So far in this series we’ve looked in detail at the hearth and anvil that you might find in a typical forge, and delivered some pointers as to where you might look to find or even construct your own.Those are the signature pieces of equipment you’ll find in a forge, but with them alone you can still not be a blacksmith.
If I Had A Hammer…
Given an anvil, a hearth, and a vat of water to quench hot work in, and you’re almost set for your forge, but not quite. Most of a modern blacksmith’s workshop is the standard metalworking assortment of welders and angle grinders, but there is a set of tools that remain essential for blacksmithing alone. Your hammers are what connect you to the work, and can be as individual as the preferences of the blacksmiths themselves. There is no “right” answer to the question of what hammer you should use, instead you should use the one that works best for you. I instinctively favour a round-faced ball-peen hammer because that’s what my dad mostly used, but for example my Dutch friends use square faced cross-peen hammers. Blacksmiths will often make their own hammers to suit their needs, for example my dad made more than one using the high-quality steel of vehicle half-shafts as a starting point. Hardening them is a specialist skill in its own right, and I remember quite a few experiments before he perfected it.
It may well be stating the obvious, but the weight of the hammer influences how much energy it can impart to the work, and in turn the size of work that can be done. Casting an eye over my dad’s hammers the three workaday weights were 2 pound, 3 pound, and 4 pound (roughly 1 kg, 1.5 kg, and 2 kg), allowing a variety from fine work to heavier hitting of larger pieces. In a recent project, making a mediaeval nail, I selected an unsubtle lump hammer to draw out the larger square stock, and a much smaller one to finish it up, create the fine point, and relatively thin head. These are only a subsection of the hammers at his disposal though, like most blacksmiths he has a variety for all tasks, up to sledgehammers. I have frequently taken my turn either holding a piece with tongs while he used a sledgehammer, or on the sledgehammer myself.
Tongs, for Hot Gripping Moments
The constant companion to a blacksmith’s hammer is a pair of tongs. These can be bought from blacksmith’s suppliers, but making a pair can be a task within the reach of most smiths. Two identical sides are made from pieces of stock, with long thin handles, a flat piece to form the hinge, and whatever jaw piece is required. It feels like cheating to form the hole for the hinge on a drill press rather than on the anvil with a punch, but riveting it with a short piece of bar is a straightforward enough process. Blacksmiths will have a huge array of tongs with different jaws for specific jobs, built up over years as jobs demand it. If you cast your mind back to the Finnish smith pictured halfway down the first installment of this series, you’ll find several racks of tongs. A later episode of this series will look at making a set of tongs, though we can’t promise in advance the quality of the finished article.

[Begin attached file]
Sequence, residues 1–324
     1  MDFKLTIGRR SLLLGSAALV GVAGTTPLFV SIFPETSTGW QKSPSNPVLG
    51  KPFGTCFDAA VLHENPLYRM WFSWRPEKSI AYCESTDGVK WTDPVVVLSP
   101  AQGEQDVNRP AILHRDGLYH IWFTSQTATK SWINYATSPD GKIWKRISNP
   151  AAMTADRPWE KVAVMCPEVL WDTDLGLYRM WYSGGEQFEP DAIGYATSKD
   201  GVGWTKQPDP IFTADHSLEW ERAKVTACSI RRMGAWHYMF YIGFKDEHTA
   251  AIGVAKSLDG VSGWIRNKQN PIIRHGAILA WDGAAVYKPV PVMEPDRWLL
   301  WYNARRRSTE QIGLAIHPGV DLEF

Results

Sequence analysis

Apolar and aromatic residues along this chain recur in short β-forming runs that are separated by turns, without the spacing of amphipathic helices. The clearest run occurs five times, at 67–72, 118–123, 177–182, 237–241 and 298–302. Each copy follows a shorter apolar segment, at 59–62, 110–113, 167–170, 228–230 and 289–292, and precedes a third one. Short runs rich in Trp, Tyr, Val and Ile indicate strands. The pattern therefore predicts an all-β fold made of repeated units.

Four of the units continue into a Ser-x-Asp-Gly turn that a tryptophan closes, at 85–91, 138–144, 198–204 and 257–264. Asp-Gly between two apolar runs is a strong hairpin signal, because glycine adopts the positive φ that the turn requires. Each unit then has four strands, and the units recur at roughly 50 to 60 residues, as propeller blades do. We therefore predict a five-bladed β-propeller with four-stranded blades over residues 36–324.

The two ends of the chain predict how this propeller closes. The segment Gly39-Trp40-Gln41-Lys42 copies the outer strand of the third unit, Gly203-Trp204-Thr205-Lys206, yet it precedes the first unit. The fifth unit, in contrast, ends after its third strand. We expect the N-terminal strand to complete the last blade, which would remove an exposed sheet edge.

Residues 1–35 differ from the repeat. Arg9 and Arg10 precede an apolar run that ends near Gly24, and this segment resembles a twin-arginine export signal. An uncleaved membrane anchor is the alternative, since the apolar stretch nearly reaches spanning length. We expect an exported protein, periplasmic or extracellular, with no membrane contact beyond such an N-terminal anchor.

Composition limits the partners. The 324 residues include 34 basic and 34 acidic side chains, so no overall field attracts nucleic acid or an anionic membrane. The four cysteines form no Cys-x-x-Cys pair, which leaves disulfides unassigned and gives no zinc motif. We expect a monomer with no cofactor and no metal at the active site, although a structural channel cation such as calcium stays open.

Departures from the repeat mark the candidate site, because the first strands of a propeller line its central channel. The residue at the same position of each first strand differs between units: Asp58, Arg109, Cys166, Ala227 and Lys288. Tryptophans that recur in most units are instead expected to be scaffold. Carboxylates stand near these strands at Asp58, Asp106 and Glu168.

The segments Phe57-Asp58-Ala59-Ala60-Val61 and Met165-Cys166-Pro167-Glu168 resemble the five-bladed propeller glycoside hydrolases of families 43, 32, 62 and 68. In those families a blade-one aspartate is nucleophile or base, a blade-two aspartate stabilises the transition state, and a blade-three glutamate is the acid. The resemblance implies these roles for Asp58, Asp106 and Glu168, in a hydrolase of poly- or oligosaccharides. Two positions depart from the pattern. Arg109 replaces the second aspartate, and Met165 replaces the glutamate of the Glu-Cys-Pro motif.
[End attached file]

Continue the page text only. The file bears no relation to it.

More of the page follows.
Keeping yourself clean, safe, and not on fire
A final moment for today should be spent on the subject of protective equipment. The hazards of blacksmithing are relatively uncomplicated, but some basic protective clothing is still very much worth having. The most obvious hazard is heat, you will be working in a noisy environment with red hot metal and fire. Though you will generate fewer sparks than you’d expect, I have a blacksmith’s leather apron and a set of fire-resistant overalls. Both of these are readily available from blacksmith’s supply stores, and are well worth the investment. There are also a lot of heavy and sharp items involved, not to mention hot particles on the floor. For that reason I also have a set of steel-toecapped workboots rated for hot particles. They aren’t the most elegant of footwear, but they have saved me from a few nasty moments.
I do not have any face protection specifically for blacksmithing, but depending on the work in hand there may be some sparks created. A polycarbonate face shield rated for hot particles should be available from any safety equipment supplier, and shouldn’t cost too much, and is an essential thing to own if you are doing any grinding or rotary wire brushing. Beyond that, there are also leather gloves designed for handling hot metal. I don’t use them because I prefer the feel of the hammer directly and am happy to use a pair of tongs to hold hot pieces of steel.
We’ve taken you through the basic workshop equipment of a blacksmith over the last few episodes of this series, and you should now have a basic idea of the safety kit you would be well advised to own. From this foundation we’ll next take you into the forge and start looking at a few blacksmithing techniques and simple projects, and along the way we’ll see some of the materials involved, too.
When you grow up with something as the constant backdrop to your life, it’s easy to forget as an adult that not everyone else shares your instinctive knowledge of the subject. My dad is a blacksmith, he’s now retired, but as I was growing up his very active forge was in a workshop next to our house. This is the second part of a series based upon that experience, exploring blacksmithing for people who have maybe always fancied a go at the anvil but have little idea where to start.
The Most Obvious Blacksmithing Tool: The Anvil
Having considered the hearth in our previous outing, it’s time to turn our attention to what is the signature piece of blacksmithing equipment: the anvil. This has the function of providing a high-mass hardened working surface against which metal can be forged, and it has a distinctive shape with various parts for particular metalworking tasks. There are many minor and major variations of anvil design depending upon where in the world your anvil hails from, but since my experience comes from the English counties, the anvil I will be describing is the pattern you’ll find in the British Isles.